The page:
I seem to find that there were a lot of cinema-magazines, or newsmagazines which heavily featured cinema and celebrities, but that might be a biased impression since I haven't been able to find many ressources in english on the topic. Most accounts of turkish history of the press available in other languages than turkish sadly seem to completely ignore magazines and the popular press — recommendations would be more than welcome if you have any!
Similarly, would you have any idea wether the photographs in Resimli Hayat were purchased from international agencies? What would be according to you the proportion of foreign vs. nationally produced photographs in these publications?
Thanks again for your talk — I hope my questions are not too off-topic.
Thank you so much for your informative reply. Indeed, now that you provided me with more information about the magazine, it seems like an Anti-Western reaction is not to be read from Resimli Hayat. I am glad nevertheless that I gave you food for thought for your future examinations.
Thank you again,
Dear Laura, thank you for listening and for your kind comments ?
As you wrote, my main focus was different, and I am afraid that I don’t have enough material to answer some of your questions but I will try my best.
In fact, Resimli Hayat can be considered as the forerunner of a more photo-based, weekly magazine Hayat [Life]. In the last issue of Resimli Hayat, it was announced that after a short break the magazine would be published weekly with color photography under the name of Hayat. The existing literature on Hayat shows that its design was much more closer to Life. Therefore, in terms of design and composition, I believe Resimli Hayat can be considered more than an illustrated journal, maybe a pilot run for a more photo-based, western style magazine.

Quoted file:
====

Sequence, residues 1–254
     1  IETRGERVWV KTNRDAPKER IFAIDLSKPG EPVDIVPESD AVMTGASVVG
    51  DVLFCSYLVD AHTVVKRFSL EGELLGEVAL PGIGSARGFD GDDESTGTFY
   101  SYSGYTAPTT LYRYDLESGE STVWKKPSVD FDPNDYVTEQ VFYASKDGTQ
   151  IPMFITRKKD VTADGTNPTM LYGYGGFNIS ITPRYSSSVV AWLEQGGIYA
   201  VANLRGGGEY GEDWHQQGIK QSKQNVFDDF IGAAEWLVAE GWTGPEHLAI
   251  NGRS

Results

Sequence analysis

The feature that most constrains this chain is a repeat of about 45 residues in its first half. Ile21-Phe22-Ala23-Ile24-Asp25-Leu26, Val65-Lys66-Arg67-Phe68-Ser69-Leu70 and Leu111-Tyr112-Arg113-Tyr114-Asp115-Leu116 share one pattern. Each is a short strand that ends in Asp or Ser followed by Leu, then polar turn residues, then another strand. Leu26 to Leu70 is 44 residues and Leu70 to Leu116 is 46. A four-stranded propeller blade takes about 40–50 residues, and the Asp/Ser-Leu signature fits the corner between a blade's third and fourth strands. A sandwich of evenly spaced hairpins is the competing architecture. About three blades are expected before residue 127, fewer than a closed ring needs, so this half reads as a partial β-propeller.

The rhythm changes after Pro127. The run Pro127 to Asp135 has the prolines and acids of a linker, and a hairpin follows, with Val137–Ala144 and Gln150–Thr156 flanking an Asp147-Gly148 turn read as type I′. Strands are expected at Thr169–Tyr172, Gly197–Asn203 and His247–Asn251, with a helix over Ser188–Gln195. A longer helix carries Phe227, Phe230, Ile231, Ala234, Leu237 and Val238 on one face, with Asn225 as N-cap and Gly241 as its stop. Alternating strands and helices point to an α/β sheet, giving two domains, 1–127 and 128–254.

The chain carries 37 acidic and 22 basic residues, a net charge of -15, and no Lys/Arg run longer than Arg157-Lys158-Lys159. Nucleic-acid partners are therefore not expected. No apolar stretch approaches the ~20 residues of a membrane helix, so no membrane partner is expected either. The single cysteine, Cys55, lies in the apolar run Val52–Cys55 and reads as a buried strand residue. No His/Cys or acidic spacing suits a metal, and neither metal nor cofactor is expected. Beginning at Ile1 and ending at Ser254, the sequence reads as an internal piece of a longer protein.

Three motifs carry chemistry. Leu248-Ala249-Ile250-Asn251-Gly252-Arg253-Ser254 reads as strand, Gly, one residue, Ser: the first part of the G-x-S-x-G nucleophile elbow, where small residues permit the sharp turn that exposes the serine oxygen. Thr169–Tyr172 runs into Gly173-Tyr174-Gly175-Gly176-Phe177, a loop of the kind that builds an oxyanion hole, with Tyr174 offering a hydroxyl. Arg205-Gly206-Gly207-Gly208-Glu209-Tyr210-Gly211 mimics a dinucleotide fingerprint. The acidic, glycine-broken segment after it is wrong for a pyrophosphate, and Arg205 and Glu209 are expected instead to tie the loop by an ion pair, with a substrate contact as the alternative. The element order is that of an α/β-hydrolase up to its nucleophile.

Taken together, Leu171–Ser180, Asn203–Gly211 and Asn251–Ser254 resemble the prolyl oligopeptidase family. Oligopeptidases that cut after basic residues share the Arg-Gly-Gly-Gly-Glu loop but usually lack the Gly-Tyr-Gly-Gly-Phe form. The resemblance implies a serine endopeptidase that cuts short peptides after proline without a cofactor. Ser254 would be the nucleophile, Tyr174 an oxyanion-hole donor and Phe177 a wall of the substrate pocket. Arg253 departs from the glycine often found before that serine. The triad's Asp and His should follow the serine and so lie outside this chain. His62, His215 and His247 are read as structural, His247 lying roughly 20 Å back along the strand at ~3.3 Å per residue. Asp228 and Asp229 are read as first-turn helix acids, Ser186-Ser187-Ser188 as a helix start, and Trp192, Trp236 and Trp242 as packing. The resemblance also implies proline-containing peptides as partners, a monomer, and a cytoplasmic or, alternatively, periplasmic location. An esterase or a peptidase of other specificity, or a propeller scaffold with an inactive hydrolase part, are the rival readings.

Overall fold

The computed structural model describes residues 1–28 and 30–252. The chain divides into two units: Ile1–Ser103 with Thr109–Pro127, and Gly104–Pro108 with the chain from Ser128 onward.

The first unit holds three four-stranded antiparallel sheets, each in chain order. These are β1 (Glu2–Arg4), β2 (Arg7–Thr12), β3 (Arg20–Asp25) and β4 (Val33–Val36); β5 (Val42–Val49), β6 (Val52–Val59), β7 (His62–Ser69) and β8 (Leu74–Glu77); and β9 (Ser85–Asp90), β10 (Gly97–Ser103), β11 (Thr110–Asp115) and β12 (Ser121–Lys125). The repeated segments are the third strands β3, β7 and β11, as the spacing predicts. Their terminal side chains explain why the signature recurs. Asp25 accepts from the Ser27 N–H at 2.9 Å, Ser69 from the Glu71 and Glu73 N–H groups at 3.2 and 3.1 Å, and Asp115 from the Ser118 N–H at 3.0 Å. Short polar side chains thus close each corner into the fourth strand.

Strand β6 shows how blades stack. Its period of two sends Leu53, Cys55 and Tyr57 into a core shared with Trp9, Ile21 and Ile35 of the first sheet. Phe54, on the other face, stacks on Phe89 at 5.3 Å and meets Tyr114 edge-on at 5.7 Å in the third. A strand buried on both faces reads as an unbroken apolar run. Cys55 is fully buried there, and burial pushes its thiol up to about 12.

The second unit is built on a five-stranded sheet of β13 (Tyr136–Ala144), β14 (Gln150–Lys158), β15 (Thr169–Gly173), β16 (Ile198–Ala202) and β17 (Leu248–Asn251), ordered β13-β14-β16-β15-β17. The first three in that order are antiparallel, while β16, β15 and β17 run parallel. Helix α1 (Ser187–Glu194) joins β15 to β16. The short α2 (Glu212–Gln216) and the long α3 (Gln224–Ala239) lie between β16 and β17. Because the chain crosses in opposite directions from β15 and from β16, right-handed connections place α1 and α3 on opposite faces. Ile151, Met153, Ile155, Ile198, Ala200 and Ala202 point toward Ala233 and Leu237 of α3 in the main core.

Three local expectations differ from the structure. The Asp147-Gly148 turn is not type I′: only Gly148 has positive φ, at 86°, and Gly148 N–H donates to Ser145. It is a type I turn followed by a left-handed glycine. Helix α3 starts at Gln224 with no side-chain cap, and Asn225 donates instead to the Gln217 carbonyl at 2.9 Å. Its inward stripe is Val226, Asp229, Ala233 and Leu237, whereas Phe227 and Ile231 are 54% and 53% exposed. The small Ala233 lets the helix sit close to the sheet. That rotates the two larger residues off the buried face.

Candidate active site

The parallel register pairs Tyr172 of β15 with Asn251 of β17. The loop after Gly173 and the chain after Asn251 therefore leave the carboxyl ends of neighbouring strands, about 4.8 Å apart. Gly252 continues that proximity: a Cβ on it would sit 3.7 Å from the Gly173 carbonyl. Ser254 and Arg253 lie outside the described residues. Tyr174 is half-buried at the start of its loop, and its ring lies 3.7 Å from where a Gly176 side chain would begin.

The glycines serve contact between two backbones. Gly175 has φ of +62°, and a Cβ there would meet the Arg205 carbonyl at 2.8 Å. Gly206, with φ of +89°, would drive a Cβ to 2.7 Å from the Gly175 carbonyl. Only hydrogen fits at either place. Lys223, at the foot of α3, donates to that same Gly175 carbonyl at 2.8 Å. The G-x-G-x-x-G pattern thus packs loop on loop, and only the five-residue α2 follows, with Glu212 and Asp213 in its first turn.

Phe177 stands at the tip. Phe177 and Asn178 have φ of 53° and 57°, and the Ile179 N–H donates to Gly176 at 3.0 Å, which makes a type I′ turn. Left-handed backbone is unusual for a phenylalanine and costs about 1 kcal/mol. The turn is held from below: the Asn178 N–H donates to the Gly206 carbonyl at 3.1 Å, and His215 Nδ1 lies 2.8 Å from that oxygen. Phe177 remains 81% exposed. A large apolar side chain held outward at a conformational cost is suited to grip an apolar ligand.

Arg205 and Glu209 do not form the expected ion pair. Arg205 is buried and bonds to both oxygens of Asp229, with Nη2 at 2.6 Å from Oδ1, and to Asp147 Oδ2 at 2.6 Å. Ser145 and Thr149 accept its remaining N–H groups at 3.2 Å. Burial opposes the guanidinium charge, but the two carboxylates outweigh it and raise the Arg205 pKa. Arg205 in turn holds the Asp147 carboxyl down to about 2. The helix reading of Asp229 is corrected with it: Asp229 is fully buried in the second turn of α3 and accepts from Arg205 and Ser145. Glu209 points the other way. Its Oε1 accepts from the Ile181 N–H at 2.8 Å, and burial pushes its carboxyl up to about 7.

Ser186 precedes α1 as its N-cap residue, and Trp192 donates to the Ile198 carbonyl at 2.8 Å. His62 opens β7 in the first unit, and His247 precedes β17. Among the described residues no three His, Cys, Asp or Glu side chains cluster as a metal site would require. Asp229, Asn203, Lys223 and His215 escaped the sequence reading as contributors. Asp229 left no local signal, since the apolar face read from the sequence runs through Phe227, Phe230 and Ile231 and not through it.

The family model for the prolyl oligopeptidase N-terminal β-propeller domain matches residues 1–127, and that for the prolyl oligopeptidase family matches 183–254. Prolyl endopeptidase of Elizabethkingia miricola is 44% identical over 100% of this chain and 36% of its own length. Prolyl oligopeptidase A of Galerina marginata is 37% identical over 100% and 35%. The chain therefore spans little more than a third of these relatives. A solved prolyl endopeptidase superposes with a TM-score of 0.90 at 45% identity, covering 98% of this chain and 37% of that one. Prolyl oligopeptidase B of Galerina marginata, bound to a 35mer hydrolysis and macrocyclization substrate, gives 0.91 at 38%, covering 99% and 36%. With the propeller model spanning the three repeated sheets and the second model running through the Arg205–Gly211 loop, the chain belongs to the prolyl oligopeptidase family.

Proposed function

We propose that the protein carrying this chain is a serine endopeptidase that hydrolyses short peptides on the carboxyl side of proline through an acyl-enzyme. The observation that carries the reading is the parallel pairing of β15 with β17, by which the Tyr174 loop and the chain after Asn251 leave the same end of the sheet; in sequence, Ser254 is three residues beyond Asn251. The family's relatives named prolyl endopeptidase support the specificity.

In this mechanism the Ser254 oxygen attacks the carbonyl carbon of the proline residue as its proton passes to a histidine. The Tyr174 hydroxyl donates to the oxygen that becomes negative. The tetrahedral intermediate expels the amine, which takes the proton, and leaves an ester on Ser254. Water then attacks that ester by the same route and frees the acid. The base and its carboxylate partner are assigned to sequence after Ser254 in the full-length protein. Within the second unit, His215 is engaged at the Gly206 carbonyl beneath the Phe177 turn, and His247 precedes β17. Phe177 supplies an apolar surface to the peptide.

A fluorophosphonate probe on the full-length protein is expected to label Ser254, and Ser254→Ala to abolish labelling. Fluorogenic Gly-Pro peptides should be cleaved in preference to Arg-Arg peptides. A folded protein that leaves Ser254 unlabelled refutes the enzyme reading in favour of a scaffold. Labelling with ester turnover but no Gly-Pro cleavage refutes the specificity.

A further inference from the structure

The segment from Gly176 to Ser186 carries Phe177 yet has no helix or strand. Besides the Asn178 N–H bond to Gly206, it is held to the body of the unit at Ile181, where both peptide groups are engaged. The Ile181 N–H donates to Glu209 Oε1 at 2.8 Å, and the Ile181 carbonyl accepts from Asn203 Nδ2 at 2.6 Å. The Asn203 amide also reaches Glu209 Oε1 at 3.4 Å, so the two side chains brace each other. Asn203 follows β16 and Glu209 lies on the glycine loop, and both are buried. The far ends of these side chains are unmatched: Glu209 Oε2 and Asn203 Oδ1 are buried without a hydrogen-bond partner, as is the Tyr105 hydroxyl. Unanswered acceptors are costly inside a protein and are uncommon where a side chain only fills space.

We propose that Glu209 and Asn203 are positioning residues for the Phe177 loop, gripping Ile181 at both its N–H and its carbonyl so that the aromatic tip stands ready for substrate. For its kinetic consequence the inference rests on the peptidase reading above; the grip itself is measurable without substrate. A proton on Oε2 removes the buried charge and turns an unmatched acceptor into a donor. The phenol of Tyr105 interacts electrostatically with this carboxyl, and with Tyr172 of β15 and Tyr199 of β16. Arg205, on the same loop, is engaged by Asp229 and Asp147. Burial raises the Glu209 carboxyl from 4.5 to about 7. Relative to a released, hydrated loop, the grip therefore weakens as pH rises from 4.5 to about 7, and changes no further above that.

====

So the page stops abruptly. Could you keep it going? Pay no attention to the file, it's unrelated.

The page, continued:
Through different sources, we know that Şevket Rado and also the editorial board of the magazine were following some foreign periodicals. These periodicals definitely inspired them in terms of design and content. But I haven’t done a detailed comparative analysis, therefore I don’t want to make a generalization through my limited corpus.
From the perspective of Translation Studies, I can recommend Ceyda Özmen’s work on a Turkish film magazine Yıldız [Star] https://www.academia.edu/40028116/BEYOND_THE_BOOK_The_Periodical_as_an_Excavation_Site_for_Translation_Studies . It was really interesting and inspiring.
Unfortunately, I won’t be able to give the proportion of foreign vs. nationally produced photographs in Resimli Hayat. However, I see that on the copyright page of the magazine, in each issue, it was acknowledged that foreign photos were purchased from international agencies. In addition, Turkish photographers whose photographs had been published, were also credited.
I wish that I could provide more visual material from the inner spreads, but I had only photographed the pages that were related to my topic. Because of the current situation in Istanbul, I am not able to reach the archive right now. Yet, I will continue to work on Resimli Hayat in the next days, so it would be my pleasure to share more material in future.